Erin Gorrell, ’15, wasn’t about to let a pandemic get in the way of finishing her Ph.D. at Kent State University. She had worked too hard to let that happen. With a little creativity and adaptability, she successfully completed complex research and defended her dissertation virtually in October. Now Dr. Gorrell, she was pleased that some great Heidelberg mentors celebrated with her.
We recently connected with Erin and asked about her graduate school experience, her Heidelberg foundation and her new job.
Heidelberg: What did you earn your Ph.D. in?
Erin: Biomedical Science with a concentration of Cell and Molecular Biology
Heidelberg: Describe your dissertation research project.
Erin: My lab as a whole did research on obesity. For example, one of my coworkers did studies on intermittent fasting. Several other graduate students and I worked on delineating the pathway, from brain to muscle, by which thermogenesis occurs in the presence of predator odor. We found for the first time that ferret odor induces skeletal muscle thermogenesis (heat production) by 1-2 degrees Celsius in as little as two minutes, and this effect was sustained for at least two hours. We, therefore, wanted to investigate what pathways mediate this effect, both centrally and peripherally via the nervous system. My work focused on how the sympathetic nervous system regulates predator odor-induced muscle thermogenesis. I found that it was regulated by the sympathetic nervous system, and that the effect was present with and without various potential contributing sources, such as brown adipose tissue and the estrous cycle.
Heidelberg: How did the pandemic play into you getting it all finished?
Erin: I had one project left to finish before pandemic shutdowns affected our labs. I had just finished the behavioral studies and pilot data collection study for this project (norepinephrine turnover, a measure of sympathetic nervous activity, in various body tissues during predator odor exposure) when the shutdowns stopped all research. At that time, I was already working on writing my dissertation. I was able to modify my dissertation prospectus, which was a working contract for Ph.D. graduation, to include as much of the final project as I could reasonably complete when labs reopened while continuing my dissertation writing. This allowed me to prioritize the dissertation writing and defense examination while waiting on labs to reopen. I continued research during and after my defense examination when labs reopened until I started my new job this month.
Heidelberg: We understand a group from Heidelberg attended your defense, which was by Zoom, correct? Who was there to support you?
Erin: Correct, it was by Zoom. While most of the invited former professors were from biology (my major), some were from chemistry and other departments as well. I also invited many of my friends from Heidelberg, and I am so grateful for everyone who took the time to watch and participate, as well as those who were not able to attend but were so kind and supportive in their replies! I chose instructors who I felt most sparked my love for science, challenged me, and taught me the invaluable knowledge to be able to pursue further education. I also chose instructors who enriched my professional skillset, as well as helping me grow personally and ethically through education and exposure to new ideas, cultures, and places. Finally, I invited Heidelberg alumnus Dr. Mark Peeples, ’74, who hired me as an intern when I was still a student and again as a lab technician after I graduated. He was instrumental to my introduction into lab work at a large research institution. I want to thank everyone who attended or corresponded with me again. It means so much to me! Strangely, it would have never been possible without our new way of virtual meetings, so that is one positive takeaway.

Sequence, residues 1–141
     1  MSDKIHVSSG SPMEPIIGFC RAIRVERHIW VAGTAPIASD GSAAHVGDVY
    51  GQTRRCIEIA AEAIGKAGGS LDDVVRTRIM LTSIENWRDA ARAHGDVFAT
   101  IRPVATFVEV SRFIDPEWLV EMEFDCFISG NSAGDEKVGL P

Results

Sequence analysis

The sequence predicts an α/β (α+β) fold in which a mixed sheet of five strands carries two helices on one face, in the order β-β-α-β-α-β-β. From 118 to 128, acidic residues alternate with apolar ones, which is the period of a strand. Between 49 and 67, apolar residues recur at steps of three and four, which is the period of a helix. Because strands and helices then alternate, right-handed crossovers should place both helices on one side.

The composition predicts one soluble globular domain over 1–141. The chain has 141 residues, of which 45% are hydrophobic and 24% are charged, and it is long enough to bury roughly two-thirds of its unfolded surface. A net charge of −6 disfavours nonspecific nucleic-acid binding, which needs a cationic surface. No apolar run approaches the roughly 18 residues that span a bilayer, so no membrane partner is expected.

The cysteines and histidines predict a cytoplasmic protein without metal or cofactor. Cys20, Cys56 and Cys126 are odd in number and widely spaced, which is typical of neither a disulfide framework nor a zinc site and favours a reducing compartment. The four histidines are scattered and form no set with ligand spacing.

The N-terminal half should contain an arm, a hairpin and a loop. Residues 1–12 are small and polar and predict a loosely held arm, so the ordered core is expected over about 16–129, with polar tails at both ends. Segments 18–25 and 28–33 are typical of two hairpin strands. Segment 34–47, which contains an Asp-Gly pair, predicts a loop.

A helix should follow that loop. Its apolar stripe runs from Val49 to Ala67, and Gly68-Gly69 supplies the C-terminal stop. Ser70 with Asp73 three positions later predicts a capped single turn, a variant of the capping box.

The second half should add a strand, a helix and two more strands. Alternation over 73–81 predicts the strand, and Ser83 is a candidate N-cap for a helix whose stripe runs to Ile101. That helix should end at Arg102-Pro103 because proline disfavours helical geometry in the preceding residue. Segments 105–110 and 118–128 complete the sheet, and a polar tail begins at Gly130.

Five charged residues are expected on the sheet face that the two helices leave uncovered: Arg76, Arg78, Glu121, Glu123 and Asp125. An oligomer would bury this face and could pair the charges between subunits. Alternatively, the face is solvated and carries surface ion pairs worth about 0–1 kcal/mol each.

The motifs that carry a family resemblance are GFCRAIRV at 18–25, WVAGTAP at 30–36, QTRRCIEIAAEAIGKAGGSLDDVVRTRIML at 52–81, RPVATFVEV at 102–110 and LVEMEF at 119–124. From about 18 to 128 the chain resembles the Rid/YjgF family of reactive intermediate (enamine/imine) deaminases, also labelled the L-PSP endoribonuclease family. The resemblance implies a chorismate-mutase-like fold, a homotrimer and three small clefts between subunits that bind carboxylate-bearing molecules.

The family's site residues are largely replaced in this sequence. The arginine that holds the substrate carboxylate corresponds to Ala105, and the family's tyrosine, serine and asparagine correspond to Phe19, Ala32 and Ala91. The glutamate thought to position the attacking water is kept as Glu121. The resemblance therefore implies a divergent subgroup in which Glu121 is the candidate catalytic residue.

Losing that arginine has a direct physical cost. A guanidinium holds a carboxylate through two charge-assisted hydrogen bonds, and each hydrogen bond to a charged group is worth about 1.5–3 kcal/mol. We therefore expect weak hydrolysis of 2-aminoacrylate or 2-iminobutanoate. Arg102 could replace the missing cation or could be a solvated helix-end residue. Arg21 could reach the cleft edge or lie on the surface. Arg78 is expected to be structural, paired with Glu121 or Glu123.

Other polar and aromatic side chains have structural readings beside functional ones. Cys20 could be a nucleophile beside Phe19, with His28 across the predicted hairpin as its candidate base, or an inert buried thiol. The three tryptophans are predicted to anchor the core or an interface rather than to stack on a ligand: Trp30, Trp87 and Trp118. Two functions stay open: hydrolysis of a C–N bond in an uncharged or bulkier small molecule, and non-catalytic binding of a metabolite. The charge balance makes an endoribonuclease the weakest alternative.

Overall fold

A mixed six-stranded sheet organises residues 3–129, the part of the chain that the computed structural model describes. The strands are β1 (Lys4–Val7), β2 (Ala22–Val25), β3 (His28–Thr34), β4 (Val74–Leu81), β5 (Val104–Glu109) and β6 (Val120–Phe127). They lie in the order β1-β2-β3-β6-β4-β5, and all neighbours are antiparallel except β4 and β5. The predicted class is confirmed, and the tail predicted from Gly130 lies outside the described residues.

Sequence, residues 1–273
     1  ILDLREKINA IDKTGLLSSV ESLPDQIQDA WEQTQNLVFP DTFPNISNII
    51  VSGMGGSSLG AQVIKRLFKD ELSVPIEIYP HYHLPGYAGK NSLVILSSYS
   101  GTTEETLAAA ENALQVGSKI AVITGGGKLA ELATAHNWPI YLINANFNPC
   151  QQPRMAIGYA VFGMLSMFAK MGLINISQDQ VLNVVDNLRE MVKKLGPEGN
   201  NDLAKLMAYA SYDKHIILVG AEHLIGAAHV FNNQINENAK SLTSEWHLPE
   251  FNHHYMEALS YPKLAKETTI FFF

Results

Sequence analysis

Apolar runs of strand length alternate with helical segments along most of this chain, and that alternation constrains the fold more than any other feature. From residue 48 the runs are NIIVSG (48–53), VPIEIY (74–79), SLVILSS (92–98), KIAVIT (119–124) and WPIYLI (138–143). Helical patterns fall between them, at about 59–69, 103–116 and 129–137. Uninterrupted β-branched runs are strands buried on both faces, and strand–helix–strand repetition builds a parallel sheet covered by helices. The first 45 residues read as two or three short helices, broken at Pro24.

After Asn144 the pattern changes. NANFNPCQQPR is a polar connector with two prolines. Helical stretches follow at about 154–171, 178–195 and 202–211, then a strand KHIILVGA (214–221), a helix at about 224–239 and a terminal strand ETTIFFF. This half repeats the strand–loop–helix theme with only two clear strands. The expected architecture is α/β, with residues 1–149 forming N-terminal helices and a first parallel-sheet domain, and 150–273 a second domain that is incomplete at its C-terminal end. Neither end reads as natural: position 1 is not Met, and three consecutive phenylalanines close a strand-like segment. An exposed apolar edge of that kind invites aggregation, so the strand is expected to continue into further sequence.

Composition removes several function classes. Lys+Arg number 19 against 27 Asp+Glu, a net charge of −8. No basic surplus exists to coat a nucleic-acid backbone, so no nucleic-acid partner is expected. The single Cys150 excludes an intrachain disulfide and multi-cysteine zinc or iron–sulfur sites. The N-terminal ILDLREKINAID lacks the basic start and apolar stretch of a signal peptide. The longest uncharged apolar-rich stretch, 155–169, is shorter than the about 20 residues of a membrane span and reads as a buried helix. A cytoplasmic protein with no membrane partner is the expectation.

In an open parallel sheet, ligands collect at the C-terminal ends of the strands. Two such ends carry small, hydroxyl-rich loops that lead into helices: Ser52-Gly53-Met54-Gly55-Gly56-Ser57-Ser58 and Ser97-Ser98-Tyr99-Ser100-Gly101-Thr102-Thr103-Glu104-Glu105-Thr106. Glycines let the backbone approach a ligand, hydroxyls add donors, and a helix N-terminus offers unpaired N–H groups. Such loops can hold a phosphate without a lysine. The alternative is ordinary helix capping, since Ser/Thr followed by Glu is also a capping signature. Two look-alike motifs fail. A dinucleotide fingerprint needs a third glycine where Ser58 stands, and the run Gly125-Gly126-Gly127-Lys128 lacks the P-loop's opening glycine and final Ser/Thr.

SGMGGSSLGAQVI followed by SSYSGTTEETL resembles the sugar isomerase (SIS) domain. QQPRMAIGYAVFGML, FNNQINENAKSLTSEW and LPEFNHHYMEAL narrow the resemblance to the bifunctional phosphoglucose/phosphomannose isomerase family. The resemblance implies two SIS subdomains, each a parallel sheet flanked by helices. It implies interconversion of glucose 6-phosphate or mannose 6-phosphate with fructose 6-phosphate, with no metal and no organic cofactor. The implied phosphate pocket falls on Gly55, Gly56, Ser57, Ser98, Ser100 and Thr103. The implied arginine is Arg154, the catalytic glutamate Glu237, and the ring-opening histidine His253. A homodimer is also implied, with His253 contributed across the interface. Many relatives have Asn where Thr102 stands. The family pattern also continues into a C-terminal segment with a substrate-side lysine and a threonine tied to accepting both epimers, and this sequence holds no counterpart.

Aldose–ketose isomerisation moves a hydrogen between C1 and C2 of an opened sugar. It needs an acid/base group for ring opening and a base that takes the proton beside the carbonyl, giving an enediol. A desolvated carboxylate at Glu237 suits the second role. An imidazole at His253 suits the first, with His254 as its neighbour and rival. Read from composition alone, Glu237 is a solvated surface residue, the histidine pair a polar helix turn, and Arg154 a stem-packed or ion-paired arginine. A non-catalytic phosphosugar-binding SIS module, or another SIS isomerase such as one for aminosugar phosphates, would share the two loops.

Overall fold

Heidelberg: Explain a bit about how your Heidelberg experience, especially in the labs, provided a foundation for grad school for you.
Erin: I was able to participate in small, hands-on courses and labs that really helped me learn in a way that fit with my personality and needs. The cadaver lab was ultimately the reason I chose to attend Heidelberg. While I didn’t go to medical school, the cadaver lab and the preparatory courses and labs before it were some of my favorite and most valued courses of all time. I was able to enter grad school with an anatomical background that helped me be chosen for an upper-level teaching position at an early stage. I taught one introductory biology course in my first semester, then taught an upper-level anatomy course afterwards. I was also more advanced in anatomy when it came to performing rodent surgeries for my own personal research.
Heidelberg: Is there a specific professor who was an excellent mentor for you? How did that person influence you while you were an undergraduate at the Berg?
Erin: Dr. Pam Faber (professor of biology) was an excellent mentor for me. At the time I had no idea, but she helped me register for my first semester of courses in a computer lab before I was even a student. I later took most, if not all (she may teach different courses now or I may not remember), of the anatomy and physiology series she taught, as well as the cadaver series. She was so challenging yet supportive, it motivated me to do more in every course I took. Her series of anatomy and physiology courses served me greatly during my time in grad school and still today.
Heidelberg: What will you be doing now that you have finished your Ph.D.?
Erin: I was recently hired as a Clinical Research Regulatory Specialist at University Hospitals in Cleveland. I will work on investigational drug and device study submissions to the FDA to coordinate regulatory operations of University Hospitals clinical trials.